Arnold T. Guminski
[ Author Bio ]
This article examines Nowicki's novel version of the Kalam Cosmological Argument (N-KCA), and finds it seriously flawed. The N-KCA purportedly shows the factual impossibility of a denumerably infinite set of coexisting concrete entities; and that there would be such a set were an infinite temporal series of events to obtain because each existing substance bears its own necessarily permanent temporal marks and those of its ancestors. Nowicki, professing the A-theory of time, nevertheless maintains that truth-makers of past-event propositions are not tensed facts, according to some correspondence theory of truth, but rather the temporal marks borne by existing substances.
According to one form of the Kalam Cosmological Argument, as expounded by William Lane Craig, there cannot be a beginningless temporal world because the application of Cantorian set theory of transfinite arithmetic to the real world generates counterintuitive absurdities, thereby disclosing that an infinite set of real entities is metaphysically impossible. This Article shows how this is not the case by pursuing a novel approach wherein it is understood that an infinite set of real entities is not a set, considered as a technical term of art, within the meaning of Cantorian theory. This article will appeal to those readers (especially those who accept the principle that there must be a cause for whatever begins to exist) who think that there is something to the Kalam Cosmological Argument that has not as yet been satisfactorily answered by its critics.
In his "The Kalam Cosmological Argument: The Question of the Metaphysical Possibility of an Infinite Set of Real Entities," Guminski showed that the argument by William Lane Craig and others that real infinites are metaphysically impossible presupposes the standard version (SV) of how Cantorian set theory presumably applies to the real world. This is the case because it is the application of SV to the real world which generates counterintuitive absurdities. However, Guminski also showed that there is an alternative version (AV) of applying Cantorian set theory to the real world, the application of which does not generate counterintuitive absurdities. In the present article, he goes on to show that given AV an infinite temporal series is metaphysically possible, and in so doing he reaches a result that should be equally satisfying to both theists and nontheists who are loath to believe that a beginningless temporal world is metaphysically impossible. However much theists and nontheists may disagree about other issues, they are at least able to agree upon one important thing: the Kalam Cosmological Argument fails insofar as it is grounded upon the alleged metaphysical impossibility of an infinite temporal series.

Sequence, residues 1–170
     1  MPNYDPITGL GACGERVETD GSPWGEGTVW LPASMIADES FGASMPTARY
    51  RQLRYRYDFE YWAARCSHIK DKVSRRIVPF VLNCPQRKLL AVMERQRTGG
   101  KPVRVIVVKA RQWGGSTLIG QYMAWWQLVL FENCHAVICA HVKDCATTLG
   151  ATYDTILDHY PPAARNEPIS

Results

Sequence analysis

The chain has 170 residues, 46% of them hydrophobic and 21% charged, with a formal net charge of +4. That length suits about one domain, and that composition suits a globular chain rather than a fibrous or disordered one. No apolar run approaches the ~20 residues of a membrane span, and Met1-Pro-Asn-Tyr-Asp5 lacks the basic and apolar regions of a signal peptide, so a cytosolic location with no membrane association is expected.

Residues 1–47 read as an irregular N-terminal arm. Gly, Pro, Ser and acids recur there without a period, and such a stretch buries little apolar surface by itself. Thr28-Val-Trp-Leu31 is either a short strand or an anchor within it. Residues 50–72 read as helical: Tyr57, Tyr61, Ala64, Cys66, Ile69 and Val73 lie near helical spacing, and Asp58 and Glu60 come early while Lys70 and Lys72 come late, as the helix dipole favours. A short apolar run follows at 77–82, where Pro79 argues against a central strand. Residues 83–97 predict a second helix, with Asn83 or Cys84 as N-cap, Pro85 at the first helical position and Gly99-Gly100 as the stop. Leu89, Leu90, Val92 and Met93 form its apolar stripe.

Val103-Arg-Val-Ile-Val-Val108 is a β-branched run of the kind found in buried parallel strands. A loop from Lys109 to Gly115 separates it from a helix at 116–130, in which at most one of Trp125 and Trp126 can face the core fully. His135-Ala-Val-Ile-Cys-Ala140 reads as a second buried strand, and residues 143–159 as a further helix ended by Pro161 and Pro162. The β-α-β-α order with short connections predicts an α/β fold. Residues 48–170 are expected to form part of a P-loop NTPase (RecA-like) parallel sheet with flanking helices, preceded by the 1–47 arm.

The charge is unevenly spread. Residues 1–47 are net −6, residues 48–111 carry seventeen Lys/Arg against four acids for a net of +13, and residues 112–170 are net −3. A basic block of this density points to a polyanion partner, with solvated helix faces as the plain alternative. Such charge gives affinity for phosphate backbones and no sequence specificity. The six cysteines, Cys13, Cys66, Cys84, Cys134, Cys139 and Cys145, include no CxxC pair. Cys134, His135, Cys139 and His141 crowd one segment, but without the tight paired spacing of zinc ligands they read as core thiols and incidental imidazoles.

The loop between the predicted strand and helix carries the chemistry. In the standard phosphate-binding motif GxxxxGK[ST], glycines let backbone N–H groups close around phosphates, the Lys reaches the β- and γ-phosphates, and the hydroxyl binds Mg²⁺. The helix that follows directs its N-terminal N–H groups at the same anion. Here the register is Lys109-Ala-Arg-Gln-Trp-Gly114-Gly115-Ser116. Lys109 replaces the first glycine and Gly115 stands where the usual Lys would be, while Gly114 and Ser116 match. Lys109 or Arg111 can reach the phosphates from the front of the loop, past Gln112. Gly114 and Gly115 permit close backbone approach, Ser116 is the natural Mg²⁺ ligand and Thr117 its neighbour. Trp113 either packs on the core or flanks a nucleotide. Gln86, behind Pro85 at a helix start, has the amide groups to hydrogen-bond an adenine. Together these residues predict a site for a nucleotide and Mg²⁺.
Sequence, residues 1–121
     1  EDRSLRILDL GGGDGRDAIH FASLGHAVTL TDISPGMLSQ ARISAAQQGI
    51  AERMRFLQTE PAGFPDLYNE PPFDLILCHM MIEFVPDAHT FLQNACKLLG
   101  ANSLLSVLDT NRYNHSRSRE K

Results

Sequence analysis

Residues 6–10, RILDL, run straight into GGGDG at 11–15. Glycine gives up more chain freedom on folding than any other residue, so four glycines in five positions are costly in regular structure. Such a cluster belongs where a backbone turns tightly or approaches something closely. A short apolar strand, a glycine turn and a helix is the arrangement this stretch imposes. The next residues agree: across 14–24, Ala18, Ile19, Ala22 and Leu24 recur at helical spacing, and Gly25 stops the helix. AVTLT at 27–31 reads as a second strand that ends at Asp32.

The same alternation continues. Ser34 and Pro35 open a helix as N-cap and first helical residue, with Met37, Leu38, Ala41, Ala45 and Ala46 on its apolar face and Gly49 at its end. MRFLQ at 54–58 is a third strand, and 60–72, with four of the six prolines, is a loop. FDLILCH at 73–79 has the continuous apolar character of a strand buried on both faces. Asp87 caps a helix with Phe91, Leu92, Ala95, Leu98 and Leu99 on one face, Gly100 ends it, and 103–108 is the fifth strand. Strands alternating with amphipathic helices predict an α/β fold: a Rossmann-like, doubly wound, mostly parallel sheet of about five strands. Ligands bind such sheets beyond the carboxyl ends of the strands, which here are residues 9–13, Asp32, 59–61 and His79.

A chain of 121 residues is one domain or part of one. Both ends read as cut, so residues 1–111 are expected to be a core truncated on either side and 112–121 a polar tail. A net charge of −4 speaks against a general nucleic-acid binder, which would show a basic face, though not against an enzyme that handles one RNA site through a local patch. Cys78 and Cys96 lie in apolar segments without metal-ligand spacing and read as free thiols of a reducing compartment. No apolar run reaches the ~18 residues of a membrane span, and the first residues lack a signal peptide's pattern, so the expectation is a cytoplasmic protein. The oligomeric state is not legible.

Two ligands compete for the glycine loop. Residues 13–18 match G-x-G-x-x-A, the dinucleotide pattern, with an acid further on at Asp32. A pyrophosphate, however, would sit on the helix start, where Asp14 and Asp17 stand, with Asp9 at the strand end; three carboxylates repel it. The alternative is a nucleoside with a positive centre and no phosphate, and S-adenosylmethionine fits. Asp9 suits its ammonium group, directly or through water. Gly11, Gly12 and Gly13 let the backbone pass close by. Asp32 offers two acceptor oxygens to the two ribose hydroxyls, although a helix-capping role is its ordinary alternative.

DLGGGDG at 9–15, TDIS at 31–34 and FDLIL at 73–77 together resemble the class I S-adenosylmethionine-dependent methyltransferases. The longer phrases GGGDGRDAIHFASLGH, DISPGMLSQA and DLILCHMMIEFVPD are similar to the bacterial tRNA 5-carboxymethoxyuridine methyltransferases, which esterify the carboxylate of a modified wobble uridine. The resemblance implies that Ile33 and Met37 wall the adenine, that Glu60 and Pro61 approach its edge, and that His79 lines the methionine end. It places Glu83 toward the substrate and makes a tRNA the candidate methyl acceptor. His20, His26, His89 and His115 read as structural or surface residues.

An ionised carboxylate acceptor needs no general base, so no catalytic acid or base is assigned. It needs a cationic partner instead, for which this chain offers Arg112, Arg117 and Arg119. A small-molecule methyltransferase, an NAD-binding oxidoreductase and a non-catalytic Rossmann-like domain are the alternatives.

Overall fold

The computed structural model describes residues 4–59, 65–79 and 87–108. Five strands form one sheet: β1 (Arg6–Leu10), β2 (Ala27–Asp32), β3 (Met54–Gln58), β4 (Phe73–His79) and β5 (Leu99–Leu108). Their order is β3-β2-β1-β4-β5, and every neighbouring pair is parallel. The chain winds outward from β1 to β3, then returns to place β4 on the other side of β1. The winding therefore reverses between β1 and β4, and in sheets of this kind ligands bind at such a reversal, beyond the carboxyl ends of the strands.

In this third paper about the Kalam Cosmological Argument (KCA), Guminski shows how William Lane Craig has developed a mutated form of the argument such that it presupposes the metaphysical possibility of an infinite temporal series of finite duration. The Kalam Cosmological Argument As Amended (KCAAA) thus contradicts a key component of the KCA: that any infinite temporal series is metaphysically impossible. The KCAAA relies upon the Standard Big Bang Model as providing the supposed factual basis for concluding that the universe has a finite but indefinite past, thus involving an infinite temporal series of finite duration. Guminski argues why there is good reason to hold that any infinite temporal series of finite duration is metaphysically impossible given the A-theory of time, absolute simultaneity, and some complementary doctrines--assumptions that Craig accepts. Given these assumptions, however, the KCAAA fails.
This is an expanded version of a lecture for the University of Colorado Theology Forum in which Guminski proposes to show why the moral argument for God's existence is unsound. Particular attention is given to the writings of J. P. Moreland, William Lane Craig, and Paul Copan.